When President Bush writes his own speeches, they use words like fascist.
Not a great idea for presidents to use the language imprecisely. Too
much of the world out there watching. Probably ill-advised to do so,
but still in all, they’re out there paying attention.
And so it is, President George W. Bush found himself at the end of a
tether, looking forlorn and certainly diminished by the scale of
airport upon which he stood, using a hot-button word–fascist.
Ill-advisedly, one might add, but then there was no advice.
He was reported to be off the linguistic leash (not a comfortable place
for George) and to have written his brief message to America himself.
So, the President of the United States reintroduced us to fascism.
Yep, right out there in the sun, squinting into the glare and
addressing his ‘fellow citizens,’ the unedited man made himself and his
notions of the world just a little more plain. Plain-spoken presidents
are rare. Harry Truman was one, Ronald Reagan another, but to
paraphrase the late Lloyd Bentsen, I knew Harry Truman and Ronald Reagan and Mr. Bush, you are neither.
Which is why there are presidential speechwriters. Which is why the
departed Michael Gerson is so sorely missed among administrative
operatives. Gerson could turn a phrase without distorting and insulting
the faith of the world’s 1.3 billion already touchy Muslims.
George unplugged (from his wordsmiths) is an interesting phenomenon.
Fascist is also a particularly problematic word for a sitting
president who has been criticized for a dictatorial approach to his own
(and other) democratic institutions. A dicey choice for a man accused
of repressing opposition. A singularly odd framing for a leader who’s
grip on office depends upon unquestioning and fear-based nationalism.
The dictionary, a tome that may not be easily found on Air Force One, defines Fascism as
dictatorial government of Mussolini: a system of government practiced
by Benito Mussolini in Italy between 1922 and 1943 that was
characterized by dictatorship, centralized control of private enterprise, repression of opposition, and extreme nationalism (italics mine) [Early 20th century. From Italian fascismo, from fascio, (see FASCIST).]
According to the transcript, Mr. Bush’s exact words were
recent arrests that our fellow citizens are now learning about are a
stark reminder that this nation is at war with Islamic fascists who
will use any means to destroy those of us who love freedom, to hurt our
Characterizing an enemy in terms that fit the politics and circumstances of the moment is also a distinction of fascism. It was a mercifully short speech, 277 words that only used ‘fascists’ once, and yet it was the word heard ‘round the world.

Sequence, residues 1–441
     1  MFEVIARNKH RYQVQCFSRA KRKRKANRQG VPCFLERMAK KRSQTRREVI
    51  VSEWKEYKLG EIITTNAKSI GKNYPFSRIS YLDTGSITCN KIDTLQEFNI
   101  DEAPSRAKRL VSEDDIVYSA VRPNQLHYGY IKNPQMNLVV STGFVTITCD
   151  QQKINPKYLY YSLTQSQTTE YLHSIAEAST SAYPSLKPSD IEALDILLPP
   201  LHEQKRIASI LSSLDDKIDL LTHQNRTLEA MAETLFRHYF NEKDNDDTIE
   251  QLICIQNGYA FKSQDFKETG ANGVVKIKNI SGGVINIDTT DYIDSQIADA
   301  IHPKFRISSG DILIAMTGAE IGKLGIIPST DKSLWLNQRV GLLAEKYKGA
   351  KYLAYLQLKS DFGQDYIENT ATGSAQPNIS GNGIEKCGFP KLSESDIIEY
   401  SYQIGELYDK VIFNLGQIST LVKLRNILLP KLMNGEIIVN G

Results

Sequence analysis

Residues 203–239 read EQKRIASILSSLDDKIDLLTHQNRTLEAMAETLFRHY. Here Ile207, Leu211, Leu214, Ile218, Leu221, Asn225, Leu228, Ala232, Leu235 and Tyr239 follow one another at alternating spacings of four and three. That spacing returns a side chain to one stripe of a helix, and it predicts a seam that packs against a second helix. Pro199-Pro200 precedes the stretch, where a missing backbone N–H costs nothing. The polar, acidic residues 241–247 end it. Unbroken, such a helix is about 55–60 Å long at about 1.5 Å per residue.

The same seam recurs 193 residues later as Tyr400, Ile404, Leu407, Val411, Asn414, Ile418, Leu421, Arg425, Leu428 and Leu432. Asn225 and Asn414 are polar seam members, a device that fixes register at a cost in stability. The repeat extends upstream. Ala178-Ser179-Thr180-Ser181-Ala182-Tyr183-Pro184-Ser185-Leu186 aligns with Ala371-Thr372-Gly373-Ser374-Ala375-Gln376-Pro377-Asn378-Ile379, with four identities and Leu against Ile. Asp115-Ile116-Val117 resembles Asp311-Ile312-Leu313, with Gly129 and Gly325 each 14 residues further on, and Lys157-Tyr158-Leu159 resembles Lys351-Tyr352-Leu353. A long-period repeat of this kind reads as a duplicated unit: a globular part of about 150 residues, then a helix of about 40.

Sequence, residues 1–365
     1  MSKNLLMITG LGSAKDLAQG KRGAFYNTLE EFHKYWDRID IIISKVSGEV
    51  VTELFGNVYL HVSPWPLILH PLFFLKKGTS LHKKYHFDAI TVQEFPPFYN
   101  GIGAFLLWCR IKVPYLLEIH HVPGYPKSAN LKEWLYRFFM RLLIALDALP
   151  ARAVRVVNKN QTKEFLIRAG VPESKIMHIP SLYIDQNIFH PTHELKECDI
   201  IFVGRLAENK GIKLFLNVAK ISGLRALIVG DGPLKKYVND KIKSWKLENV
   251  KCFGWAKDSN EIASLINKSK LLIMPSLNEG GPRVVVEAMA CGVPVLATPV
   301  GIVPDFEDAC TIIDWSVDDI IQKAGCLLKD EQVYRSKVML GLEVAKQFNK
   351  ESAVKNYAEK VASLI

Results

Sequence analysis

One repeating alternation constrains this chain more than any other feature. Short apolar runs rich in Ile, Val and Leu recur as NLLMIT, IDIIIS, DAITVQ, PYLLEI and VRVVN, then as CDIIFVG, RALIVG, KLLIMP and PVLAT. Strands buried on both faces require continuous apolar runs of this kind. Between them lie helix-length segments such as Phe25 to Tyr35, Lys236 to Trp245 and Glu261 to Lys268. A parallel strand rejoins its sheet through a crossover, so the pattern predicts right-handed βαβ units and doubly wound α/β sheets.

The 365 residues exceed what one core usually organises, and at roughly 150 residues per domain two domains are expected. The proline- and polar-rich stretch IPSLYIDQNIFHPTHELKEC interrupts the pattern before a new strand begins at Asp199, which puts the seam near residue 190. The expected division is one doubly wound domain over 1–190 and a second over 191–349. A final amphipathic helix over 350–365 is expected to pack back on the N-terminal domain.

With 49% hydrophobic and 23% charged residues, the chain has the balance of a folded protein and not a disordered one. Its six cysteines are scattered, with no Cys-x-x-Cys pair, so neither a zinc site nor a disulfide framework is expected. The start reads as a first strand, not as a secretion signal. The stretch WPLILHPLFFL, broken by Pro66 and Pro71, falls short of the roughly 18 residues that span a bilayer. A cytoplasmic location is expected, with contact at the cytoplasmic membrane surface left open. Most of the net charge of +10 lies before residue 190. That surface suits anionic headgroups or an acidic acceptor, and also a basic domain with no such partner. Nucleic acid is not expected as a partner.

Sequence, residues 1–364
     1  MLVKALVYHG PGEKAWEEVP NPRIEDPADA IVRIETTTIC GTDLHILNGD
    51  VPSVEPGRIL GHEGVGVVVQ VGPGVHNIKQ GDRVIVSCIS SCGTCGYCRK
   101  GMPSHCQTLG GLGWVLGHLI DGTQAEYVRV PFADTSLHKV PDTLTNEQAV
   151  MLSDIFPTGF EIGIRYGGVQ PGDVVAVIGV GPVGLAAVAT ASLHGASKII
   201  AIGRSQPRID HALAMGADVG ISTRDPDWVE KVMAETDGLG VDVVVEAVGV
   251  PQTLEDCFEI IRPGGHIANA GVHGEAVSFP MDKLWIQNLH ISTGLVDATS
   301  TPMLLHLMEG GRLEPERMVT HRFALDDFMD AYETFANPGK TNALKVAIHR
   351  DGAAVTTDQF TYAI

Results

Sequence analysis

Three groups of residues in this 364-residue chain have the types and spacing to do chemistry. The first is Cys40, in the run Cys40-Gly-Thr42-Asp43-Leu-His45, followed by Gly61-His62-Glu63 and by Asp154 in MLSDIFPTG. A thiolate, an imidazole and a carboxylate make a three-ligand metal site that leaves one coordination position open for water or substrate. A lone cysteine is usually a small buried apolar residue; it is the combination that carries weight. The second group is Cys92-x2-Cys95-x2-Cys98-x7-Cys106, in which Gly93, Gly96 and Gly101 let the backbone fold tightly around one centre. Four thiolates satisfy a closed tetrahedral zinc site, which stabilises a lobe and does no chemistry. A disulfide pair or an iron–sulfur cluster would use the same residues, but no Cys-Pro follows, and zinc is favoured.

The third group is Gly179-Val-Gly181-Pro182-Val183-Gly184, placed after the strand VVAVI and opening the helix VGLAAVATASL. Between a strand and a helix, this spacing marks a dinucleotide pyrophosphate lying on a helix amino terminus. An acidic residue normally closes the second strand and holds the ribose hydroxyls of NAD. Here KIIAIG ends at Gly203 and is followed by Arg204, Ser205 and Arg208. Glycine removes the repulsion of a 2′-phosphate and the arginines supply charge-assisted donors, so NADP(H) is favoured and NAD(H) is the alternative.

From Radio Free Europe in Prague,
The Islamabad-based newspaper “Ausaf” writes today that the words are an “insult to the religion” of Islam. The high-circulation Urdu-language daily added that “at
a time when Washington gives full support to Israel in its fight
against Lebanon, such words only harm the United States’ reputation in
the Islamic world — a reputation that is already decreasing day by
Again, according to RFE, Muslim groups in the United States have been equally critical.
believe this is an ill-advised term, and we believe that it is
counterproductive to associate Islam or Muslims with fascism,” said Nihad Awad, executive director of the Council on American-Islamic Relations advocacy group.
reports that Juan Cole, a professor of modern Middle East and South
Asian history at the University of Michigan, calls it (fascism)
offensive and a far-too-broad confusion of religion and politics.
is a sacred term to 1.3 billion people in the world. It enshrines their
highest ideals. To combine it with the word ‘fascist’ in one phrase is
a desecration and a form of hate speech.”
The president ended his airport speech with
American people need to know we live in a dangerous world, but our
government will do everything we can to protect our people from those
Everything, apparently, except inflaming an already volatile rhetoric with hate speech. Were ‘Fascists’ to
find itself scrawled across mosques and spray-painted on walls in
predominantly Muslim-American neighborhoods, what could it be called
but hate speech?
And with that, Mr. Bush turned his back on a quarter of the world’s population, one one-hundredth of one percent of which is violently anti-American, and walked away. The other 99.99% of the Muslim world will be left to draw their own conclusions.
Additional opinions about President Bush’s choice of words can be found at: